‘Work for food that endures to eternal life’

Eighteenth Sunday of the Year B

When the crowds misinterpret the sign worked by Jesus, he makes it clear that his message is not be about material survival, but about life in its fulness. Fr Adrian Graffy reflects.

John 6:24-35

24 When the people saw that neither Jesus nor his disciples were there, they got into boats and crossed to Capernaum to look for Jesus. 25 When they found him on the other side, they said to him, ‘Rabbi, when did you come here?’ 26 Jesus answered: ‘I tell you solemnly, you are not looking for me because you have seen the signs but because you had all the bread you wanted to eat. 27 Do not work for food that cannot last, but work for food that endures to eternal life, the kind of food the Son of Man is offering you, for on him the Father, God himself, has set his seal.’
28 Then they said to him, ‘What must we do if we are to do the works that God wants?’ 29 Jesus gave them this answer, ‘This is working for God: you must believe in the one he has sent.’ 30 So they said, ‘What sign will you give to show us that we should believe in you? What work will you do? 31 Our fathers had manna to eat in the desert; as scripture says: He gave them bread from heaven to eat.’
32 Jesus answered: ‘I tell you most solemnly, it was not Moses who gave you bread from heaven, it is my Father who gives you the bread from heaven, the true bread; 33 for the bread of God is that which comes down from heaven and gives life to the world.’
34 ‘Sir,’ they said, ‘give us that bread always.’ 35 Jesus answered: ‘I am the bread of life. He who comes to me will never be hungry; he who believes in me will never thirst.’

Other readings: : Exodus 16:2-4,12-15 Psalm 77 (78) Ephesians 4:17,20-24


After the multiplication of the loaves by Jesus, once the crowds have caught up with him again, there is a dialogue concerning the sign Jesus has worked. The crowds have interpreted the sign in a materialistic way. They want to make Jesus their king so that they can be sure of their supply of bread. The sign has not been understood.

Jesus invites them to believe in the one God has sent, but they clamour for a new sign. They disparage Jesus’ works by referring to the manna Moses gave in the desert. Once again, Jesus challenges their interpretation. It is God who is the source of all good gifts. The new gift God is giving, if they could accept it, is the gift of himself, the ‘bread of life’. The conversation should not be about material survival, but about life in its fulness. The theme of the ‘bread of life’ will continue as the chapter unfolds.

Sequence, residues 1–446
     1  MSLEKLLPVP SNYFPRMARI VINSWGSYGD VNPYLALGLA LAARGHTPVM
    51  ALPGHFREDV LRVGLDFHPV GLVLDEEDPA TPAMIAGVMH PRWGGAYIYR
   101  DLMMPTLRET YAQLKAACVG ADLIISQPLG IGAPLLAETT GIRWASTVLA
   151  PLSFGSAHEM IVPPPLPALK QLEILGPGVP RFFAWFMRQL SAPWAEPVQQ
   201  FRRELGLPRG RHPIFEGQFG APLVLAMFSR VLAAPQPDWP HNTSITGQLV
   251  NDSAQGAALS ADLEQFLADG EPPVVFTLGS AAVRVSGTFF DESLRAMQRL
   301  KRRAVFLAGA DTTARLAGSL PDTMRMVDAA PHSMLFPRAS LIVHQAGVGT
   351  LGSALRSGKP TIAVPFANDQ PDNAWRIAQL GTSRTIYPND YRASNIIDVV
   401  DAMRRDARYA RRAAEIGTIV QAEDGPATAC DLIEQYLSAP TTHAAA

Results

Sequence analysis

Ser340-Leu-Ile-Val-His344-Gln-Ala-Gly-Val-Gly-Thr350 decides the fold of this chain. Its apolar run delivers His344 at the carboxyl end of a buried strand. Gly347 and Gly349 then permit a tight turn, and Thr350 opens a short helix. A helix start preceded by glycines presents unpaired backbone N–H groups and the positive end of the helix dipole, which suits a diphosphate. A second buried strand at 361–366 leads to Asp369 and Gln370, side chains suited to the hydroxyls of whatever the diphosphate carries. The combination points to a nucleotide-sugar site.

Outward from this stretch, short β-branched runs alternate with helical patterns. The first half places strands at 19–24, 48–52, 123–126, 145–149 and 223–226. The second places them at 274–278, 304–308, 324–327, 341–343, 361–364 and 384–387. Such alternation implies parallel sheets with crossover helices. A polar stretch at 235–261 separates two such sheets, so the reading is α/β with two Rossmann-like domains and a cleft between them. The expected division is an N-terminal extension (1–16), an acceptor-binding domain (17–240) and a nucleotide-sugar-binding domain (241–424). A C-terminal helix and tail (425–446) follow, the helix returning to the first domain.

To what extent do I misunderstand the signs Jesus gives me?

Do I understand what it means to ‘work for God’?

We pray for an understanding that faith can resolve our human concerns.

We pray for a deeper love of Christ as the one who satisfies our deepest needs.

INT-IMG_5349 Fr Adrian Graffy (3)Rev Dr Adrian Graffy is a member of the Vatican Commission that takes a lead in Bible scholarship, interpretation and promotion in the Catholic Church.

Rev Dr Graffy said of his five-year appointment by Pope Francis in 2014: “It is an honour to be nominated by Pope Francis as a member of the Pontifical Biblical Commission. I feel humbled and very much look forward to being of service to His Holiness and the Church.”

He added: “A great deal has been achieved in England and Wales in recent years by many co-workers to advance Biblical scholarship and the provision of easy-to-use resources. I would like to take this opportunity to thank them and the Bishops’ Conference Department for Evangelisation and Catechesis for their efforts to promote understanding and love of the Bible, particularly through the publication of the teaching documents, The Gift of Scripture and the study guide to Verbum Domini, The Word of the Lord.”

Rev Dr Graffy received his doctorate in Sacred Scripture from the Pontifical Biblical Institute in Rome in 1983. He taught for over 20 years in St John’s Seminary in Wonersh, and is Chair of the National Scripture Working Group, which is an instrument of the Department for Evangelisation and Catechesis of the Bishops’ Conference of England and Wales. Fr Graffy is a past director of Brentwood’s Commission for Evangelisation and Formation and parish priest of Christ the Eternal High Priest in Gidea Park, Essex. Among his publications are the Gospel of Mark and the Letter to the Romans (Alive Publishing).

Listen to BBC Essex interview with Fr Adrian Graffy